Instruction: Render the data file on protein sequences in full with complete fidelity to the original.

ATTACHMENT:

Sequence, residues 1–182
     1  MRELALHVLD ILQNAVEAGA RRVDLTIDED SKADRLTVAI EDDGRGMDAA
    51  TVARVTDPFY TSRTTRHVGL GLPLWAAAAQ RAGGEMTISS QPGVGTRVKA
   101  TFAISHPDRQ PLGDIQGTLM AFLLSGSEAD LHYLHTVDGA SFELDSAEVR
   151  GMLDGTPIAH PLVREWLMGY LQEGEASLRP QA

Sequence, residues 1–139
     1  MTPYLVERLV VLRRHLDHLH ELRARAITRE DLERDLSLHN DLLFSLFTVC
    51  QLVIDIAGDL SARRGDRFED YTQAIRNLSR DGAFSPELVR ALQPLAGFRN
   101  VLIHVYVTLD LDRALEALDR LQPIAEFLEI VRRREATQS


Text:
Sequence, residues 1–182
     1  MRELALHVLD ILQNAVEAGA RRVDLTIDED SKADRLTVAI EDDGRGMDAA
    51  TVARVTDPFY TSRTTRHVGL GLPLWAAAAQ RAGGEMTISS QPGVGTRVKA
   101  TFAISHPDRQ PLGDIQGTLM AFLLSGSEAD LHYLHTVDGA SFELDSAEVR
   151  GMLDGTPIAH PLVREWLMGY LQEGEASLRP QA

Sequence, residues 1–139
     1  MTPYLVERLV VLRRHLDHLH ELRARAITRE DLERDLSLHN DLLFSLFTVC
    51  QLVIDIAGDL SARRGDRFED YTQAIRNLSR DGAFSPELVR ALQPLAGFRN
   101  VLIHVYVTLD LDRALEALDR LQPIAEFLEI VRRREATQS